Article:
Post updated September 27th, 2019 at 09:32 am
Popular pizza chain Domino’s has found itself embroiled in a social media storm this week after several of its online customers were called up by the Commercial Crimes Department of the Royal Malaysia Police (PDRM) for questioning after ordering their meals online.
Domino’s has since claimed that these customers were reported as they had ‘abused’ ‘unauthorized’ vouchers in their purchase. In what we can only call a ‘hastily’ released media statement earlier today, Domino’s made the following claim.
The above statement, which was published on their Facebook page, and sent out to local media outlets, was quickly taken down after it received severe backlash from their own followers. Sadly enough, for Domino’s – the Customers in this case actually had every right to feel aggrieved by their actions.
According to comments from one of the Customers who was questioned by the PDRM, as well as a copy of a counter police report that we have sighted – Domino’s are claiming that the customer had illegally ‘hacked’ the Domino’s online platform, and had utilized illegal voucher codes to purchase meals at a heavily discounted price.
While we’re not entirely sure how legitimate coupon codes ended up on online shopping sites like Shopee, it is complete and utterly unfair to blame any customer for using these codes as the codes still remain valid on Domino’s site. If the coupon codes were illegally obtained, Domino’s should be filing a report against the seller of the codes, and disabling these ‘unauthorized’ codes on their system. At time of writing, the above coupon codes are still listed for sale on the Shopee platform.
Domino’s via their original statement had put the blame of the irregularities on the order amounts solely on the coupon and free pizza codes. What they have failed to admit (or maybe even realize) is that there are fundamental logic flaws in their online ordering system that has been exploited long before they went on ‘high alert for unusual pattern of purchases’.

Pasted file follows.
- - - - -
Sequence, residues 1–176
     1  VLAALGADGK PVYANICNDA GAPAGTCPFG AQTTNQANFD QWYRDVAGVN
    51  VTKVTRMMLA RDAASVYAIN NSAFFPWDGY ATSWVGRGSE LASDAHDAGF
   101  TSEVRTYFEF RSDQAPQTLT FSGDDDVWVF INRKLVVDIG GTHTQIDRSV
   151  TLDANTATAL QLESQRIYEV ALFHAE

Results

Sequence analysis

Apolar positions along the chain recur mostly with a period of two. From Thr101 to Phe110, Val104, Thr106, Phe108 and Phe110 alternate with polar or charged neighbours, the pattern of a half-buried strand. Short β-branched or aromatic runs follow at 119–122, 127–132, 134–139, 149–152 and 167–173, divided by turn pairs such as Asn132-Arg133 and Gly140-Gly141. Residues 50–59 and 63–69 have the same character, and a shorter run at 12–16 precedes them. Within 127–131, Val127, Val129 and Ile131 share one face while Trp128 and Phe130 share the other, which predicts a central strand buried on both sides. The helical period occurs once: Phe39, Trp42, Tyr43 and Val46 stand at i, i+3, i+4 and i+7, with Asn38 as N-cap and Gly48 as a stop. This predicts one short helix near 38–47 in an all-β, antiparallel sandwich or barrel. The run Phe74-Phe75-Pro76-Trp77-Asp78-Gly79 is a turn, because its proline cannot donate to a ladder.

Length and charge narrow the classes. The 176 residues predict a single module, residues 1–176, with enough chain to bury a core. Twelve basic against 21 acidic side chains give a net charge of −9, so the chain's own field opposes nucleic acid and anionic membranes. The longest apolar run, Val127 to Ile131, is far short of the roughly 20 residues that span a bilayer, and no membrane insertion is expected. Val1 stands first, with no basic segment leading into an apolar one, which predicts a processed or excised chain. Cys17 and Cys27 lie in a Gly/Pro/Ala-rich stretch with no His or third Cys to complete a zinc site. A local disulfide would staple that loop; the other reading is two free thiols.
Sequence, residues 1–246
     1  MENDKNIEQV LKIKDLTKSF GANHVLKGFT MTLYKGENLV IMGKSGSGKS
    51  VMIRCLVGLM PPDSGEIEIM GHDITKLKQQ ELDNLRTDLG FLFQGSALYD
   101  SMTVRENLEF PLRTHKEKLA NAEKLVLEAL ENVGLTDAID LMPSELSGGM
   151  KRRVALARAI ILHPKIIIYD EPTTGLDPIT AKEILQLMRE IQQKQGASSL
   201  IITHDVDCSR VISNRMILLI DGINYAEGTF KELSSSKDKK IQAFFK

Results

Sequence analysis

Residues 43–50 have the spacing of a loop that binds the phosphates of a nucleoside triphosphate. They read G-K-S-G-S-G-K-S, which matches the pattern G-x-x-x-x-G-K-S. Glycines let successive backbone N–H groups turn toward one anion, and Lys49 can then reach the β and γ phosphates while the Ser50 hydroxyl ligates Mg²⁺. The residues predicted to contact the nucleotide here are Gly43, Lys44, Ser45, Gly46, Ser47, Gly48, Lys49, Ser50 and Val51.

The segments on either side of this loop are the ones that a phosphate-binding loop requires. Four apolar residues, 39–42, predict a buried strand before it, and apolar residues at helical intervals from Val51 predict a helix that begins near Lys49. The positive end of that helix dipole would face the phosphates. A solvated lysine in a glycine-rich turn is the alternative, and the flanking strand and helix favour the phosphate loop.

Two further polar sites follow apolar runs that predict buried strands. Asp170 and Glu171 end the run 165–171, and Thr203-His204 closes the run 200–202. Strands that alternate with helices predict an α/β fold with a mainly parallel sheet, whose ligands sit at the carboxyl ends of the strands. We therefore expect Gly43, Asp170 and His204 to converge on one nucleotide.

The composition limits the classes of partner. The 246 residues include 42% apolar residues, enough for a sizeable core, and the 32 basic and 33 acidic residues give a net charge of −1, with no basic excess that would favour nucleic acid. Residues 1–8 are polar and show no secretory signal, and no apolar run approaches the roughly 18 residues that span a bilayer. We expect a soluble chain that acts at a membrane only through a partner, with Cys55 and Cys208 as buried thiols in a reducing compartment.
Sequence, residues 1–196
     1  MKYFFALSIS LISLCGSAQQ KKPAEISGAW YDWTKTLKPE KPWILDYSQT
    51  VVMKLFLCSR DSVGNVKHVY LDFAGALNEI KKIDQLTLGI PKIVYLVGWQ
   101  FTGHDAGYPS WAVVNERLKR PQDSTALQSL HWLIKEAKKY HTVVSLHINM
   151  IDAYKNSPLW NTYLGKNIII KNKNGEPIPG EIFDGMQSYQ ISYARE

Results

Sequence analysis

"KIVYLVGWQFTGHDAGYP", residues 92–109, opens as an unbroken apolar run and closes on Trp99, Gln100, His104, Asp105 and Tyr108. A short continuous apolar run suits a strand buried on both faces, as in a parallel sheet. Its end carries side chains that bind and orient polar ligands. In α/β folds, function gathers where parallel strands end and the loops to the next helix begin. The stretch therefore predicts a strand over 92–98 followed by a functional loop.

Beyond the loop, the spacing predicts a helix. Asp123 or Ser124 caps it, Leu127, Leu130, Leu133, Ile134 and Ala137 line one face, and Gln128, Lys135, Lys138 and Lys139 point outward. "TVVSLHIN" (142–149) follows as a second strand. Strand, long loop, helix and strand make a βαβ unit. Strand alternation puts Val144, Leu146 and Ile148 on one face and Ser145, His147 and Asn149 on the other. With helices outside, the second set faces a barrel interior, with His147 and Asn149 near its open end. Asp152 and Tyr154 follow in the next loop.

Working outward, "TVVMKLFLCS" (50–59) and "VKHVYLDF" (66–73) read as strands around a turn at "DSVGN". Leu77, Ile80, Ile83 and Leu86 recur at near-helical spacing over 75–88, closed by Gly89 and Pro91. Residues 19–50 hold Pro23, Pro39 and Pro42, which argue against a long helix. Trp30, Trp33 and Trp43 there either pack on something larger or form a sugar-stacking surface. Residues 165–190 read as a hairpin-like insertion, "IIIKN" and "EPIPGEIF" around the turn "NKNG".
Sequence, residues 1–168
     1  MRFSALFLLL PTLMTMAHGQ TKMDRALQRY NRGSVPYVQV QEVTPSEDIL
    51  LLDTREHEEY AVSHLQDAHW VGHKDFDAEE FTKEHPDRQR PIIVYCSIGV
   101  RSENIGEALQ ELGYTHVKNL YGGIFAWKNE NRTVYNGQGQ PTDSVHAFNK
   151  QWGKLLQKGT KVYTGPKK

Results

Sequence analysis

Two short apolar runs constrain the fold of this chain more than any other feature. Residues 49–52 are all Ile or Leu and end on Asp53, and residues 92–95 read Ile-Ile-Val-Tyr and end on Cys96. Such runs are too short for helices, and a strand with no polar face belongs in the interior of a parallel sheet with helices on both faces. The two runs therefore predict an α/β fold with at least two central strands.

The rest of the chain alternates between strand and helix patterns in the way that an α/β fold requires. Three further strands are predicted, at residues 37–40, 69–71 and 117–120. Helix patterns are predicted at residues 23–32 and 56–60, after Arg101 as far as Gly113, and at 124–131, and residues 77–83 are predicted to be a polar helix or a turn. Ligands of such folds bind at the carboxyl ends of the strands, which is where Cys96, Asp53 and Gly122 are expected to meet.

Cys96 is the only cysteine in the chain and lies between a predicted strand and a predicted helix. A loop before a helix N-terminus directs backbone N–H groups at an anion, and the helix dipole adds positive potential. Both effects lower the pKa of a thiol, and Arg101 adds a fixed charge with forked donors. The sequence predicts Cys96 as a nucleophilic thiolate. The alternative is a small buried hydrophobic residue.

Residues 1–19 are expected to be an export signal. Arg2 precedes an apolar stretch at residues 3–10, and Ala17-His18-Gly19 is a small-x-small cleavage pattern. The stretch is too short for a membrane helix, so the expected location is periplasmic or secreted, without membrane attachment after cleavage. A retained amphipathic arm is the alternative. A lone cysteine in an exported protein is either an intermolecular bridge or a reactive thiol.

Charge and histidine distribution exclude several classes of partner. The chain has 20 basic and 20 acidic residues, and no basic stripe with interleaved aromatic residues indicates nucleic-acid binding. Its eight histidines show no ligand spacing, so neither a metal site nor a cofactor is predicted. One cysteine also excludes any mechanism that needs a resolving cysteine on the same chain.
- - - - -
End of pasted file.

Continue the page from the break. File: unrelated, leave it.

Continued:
These known ‘flaws’ or ‘glitches’ in their system was never fixed (and still hasn’t been fixed at time of writing), and oddly enough worked both ways. Unsuspecting customers who were not aware of the glitches might end up paying more for their orders through odd combinations made during their order process, while other customers who noticed the flaws would have been able to easily exploit the glitch to gain a huge discount on their order.
Are you as an online consumer liable if you exploit these glitches in an online ordering system to your advantage? The short answer is probably no. During Amazon Prime Day Sale in July this year, Amazon accidentally discounted high end camera gear – some costing close to USD13,000+ for a measly USD100. Amazon acknowledged their mistake and honored all the purchases. Domino’s did not (and still have not) corrected the obvious flaws in their system that is allowing this to happen. While some have cited the simple analogy of if a door is left open, stealing is still a crime – the difference here is that these customers have entered into a legitimate contract with Domino’s and paid the advertised price for their meal that has been agreed and accepted by Domino’s via their flawed system.
While Domino’s has every right to refuse service to these customers, and refund their money – there was absolutely no need for them to file a police report that caused their customers to be interrogated by police in a public place for their own incompetence and negligence in managing their online ordering system.